I must have come from a much rougher, down to earth area, because our counting out rhyme was 'Ip dip, bird shit, I'm out, you're IT!'

We had variations of tag, like 'off ground touch' where you couldn't be tagged if your feet were off the ground, up a tree or standing on a wall or bench, and kiss chase, where the object was to not get kissed by the snotty nosed kid in the third year.


07 Aug 07 - 12:28 PM (#2120875)
Subject: RE: BS: Tag
From: Splott Man

In our area of Surrey we called it "He".

A variation was King He, or Kingy (I was never sure which), where "it" would throw a sorbo or tennis ball to hit someone, they would then join "it". The "its" would grow in number as the game progressed. The next "it" was either the last one or the first one caught.

The one with the tin we called Kick Can Bobby - "1, 2, 3, I see John (or whoever)" and "I am home, 1, 2, 3."

Time out was called Veins (Vains?) or Veinites.

07 Aug 07 - 01:08 PM (#2120904)
Subject: RE: BS: Tag
From: Les from Hull

It's interest that you've all picked up on the different 'time out' phrases used (although in the UK we never said 'time out' until so influenced by American TV or film. Peter and Iona Opie a couple of wonderful folkloreists produced a map of 'children's truce terms' in their book 'The lore and language of schoolchildren' (1977). Anyone interested in this thread in the UK should try to get a look at this book - it's a mine of information and nostalgia for those of us of 'a certain age'.

The truce term in Hull was 'kings', although when I got a scholarship to a posh school this was replaced by 'pax'. It seems you come from the 'fainites/fains/vainites/vains' area down south, Splotty. This is one of the oldest of such terms, being mediaeval English and originally Old French se feindre - make excuses, hang back, back out (esp of battle).

07 Aug 07 - 01:39 PM (#2120928)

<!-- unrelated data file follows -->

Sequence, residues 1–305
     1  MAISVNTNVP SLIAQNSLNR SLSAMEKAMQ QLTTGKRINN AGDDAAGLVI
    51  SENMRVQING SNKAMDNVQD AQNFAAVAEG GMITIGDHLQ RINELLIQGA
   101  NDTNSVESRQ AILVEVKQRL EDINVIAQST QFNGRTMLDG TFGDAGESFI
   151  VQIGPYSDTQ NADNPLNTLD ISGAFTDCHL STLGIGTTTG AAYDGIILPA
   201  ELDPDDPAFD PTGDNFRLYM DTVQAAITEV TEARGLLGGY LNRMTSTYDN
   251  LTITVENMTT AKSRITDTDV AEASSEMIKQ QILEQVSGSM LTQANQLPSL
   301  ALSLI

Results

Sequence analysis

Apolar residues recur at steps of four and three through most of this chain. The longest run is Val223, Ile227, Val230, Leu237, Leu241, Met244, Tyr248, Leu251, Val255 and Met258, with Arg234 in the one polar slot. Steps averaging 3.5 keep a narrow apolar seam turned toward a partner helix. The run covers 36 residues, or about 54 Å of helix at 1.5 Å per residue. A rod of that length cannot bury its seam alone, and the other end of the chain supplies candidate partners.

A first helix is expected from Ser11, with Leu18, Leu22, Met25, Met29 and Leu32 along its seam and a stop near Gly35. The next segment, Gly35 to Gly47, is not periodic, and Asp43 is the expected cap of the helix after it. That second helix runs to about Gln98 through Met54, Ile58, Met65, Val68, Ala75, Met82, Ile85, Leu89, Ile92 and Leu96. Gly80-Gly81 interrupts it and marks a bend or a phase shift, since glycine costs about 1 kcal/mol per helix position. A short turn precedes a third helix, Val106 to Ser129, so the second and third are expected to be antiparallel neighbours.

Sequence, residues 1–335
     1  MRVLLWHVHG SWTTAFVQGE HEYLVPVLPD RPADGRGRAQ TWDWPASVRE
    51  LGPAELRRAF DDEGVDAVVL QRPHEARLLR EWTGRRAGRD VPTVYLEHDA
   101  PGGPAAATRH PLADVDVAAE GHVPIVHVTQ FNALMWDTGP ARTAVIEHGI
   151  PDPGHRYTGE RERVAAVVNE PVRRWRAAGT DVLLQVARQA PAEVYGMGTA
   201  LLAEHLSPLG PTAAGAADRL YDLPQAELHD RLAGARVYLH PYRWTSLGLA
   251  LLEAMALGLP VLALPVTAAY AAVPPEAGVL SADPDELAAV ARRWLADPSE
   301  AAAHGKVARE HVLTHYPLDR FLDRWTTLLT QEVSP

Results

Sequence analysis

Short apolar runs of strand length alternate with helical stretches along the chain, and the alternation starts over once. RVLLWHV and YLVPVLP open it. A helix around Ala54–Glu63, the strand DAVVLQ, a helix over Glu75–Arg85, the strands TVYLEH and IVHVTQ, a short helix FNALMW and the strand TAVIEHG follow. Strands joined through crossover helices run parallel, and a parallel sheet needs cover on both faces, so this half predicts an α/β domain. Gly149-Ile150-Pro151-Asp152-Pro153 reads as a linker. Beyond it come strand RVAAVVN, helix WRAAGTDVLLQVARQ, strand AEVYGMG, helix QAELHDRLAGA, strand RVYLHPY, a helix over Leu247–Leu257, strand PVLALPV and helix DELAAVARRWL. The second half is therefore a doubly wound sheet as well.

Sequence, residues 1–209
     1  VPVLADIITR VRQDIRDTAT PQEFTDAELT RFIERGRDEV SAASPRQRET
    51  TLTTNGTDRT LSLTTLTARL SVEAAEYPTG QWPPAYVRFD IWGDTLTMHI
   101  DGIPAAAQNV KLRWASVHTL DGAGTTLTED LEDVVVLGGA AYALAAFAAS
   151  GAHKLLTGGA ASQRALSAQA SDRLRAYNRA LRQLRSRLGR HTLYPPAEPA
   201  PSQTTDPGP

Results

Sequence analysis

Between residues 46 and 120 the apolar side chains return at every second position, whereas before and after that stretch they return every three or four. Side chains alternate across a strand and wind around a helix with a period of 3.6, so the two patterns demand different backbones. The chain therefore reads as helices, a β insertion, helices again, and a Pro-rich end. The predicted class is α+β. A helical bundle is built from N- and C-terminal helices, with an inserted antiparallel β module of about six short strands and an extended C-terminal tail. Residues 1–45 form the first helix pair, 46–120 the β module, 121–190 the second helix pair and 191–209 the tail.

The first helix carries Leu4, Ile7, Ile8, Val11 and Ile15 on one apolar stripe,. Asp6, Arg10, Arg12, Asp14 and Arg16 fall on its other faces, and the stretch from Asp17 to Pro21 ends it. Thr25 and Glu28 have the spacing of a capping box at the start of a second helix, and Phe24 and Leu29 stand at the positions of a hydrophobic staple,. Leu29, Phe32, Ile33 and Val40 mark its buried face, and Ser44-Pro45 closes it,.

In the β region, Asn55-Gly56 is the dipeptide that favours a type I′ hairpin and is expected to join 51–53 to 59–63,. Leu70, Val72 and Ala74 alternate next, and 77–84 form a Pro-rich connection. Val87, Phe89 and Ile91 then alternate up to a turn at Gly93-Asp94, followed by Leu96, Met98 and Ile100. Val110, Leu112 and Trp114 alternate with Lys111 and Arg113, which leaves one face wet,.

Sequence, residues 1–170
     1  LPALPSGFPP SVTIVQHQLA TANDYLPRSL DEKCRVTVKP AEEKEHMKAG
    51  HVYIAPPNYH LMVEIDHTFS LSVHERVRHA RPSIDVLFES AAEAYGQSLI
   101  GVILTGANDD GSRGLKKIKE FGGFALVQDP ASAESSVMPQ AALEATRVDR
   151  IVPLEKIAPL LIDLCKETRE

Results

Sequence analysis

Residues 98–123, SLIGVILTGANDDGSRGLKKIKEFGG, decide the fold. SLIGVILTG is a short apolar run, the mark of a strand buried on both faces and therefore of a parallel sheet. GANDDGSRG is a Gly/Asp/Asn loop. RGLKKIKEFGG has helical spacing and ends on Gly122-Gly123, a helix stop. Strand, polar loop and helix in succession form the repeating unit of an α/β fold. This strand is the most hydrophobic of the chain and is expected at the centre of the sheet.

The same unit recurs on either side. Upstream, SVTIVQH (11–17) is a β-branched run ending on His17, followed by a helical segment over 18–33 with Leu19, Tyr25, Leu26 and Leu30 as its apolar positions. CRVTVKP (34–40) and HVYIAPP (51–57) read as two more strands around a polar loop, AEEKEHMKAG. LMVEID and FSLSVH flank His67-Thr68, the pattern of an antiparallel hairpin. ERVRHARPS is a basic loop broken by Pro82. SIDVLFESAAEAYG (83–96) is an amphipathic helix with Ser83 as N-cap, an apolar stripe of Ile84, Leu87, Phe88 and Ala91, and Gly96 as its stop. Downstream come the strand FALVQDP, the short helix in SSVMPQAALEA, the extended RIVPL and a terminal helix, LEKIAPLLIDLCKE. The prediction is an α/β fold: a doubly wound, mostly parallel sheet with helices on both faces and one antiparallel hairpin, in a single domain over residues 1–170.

Subject: RE: Folklore: Tag
From: Pinetop Slim

Our neighborhood featured a lot of variations on the theme -- bicycle tag, shadow tag and freeze tag.
In regular tag and a few other games "home base" was known as "gool." I took it for what it was then, but it seems the word may have been a mispronunciation of gaol.

07 Aug 07 - 02:21 PM (#2120960)
Subject: RE: Folklore: Tag
From: Les from Hull

I can remember 'off ground tig' when you were safe if you were off the ground. And 'chain tig' when those who were tigged joined hands with others in a long chain until everyone was caught.

The other games we had were 'reallio' - a team capture games; 'block' - a form of hide and seek; and eggitybudge - a form of tig using a tennis or similar sized ball.

Oh, and by the way, you're 'it'!

07 Aug 07 - 04:23 PM (#2121071)
Subject: RE: Folklore: Tag
From: Tootler

An alternative to dipping we sometimes used was for everyone to cry "not it". The last one to say it was it, or in some places where I lived, "on". (I had a nomadic childhood as my Father was in the RAF)

The "not it" method of deciding who was "it" not surprisingly, often led to disputes or had to be repeated several times as someone was considered to have taken an unfair advantage or cheated - rather like jumping the starting pistol in a race.

I remember playing kick can.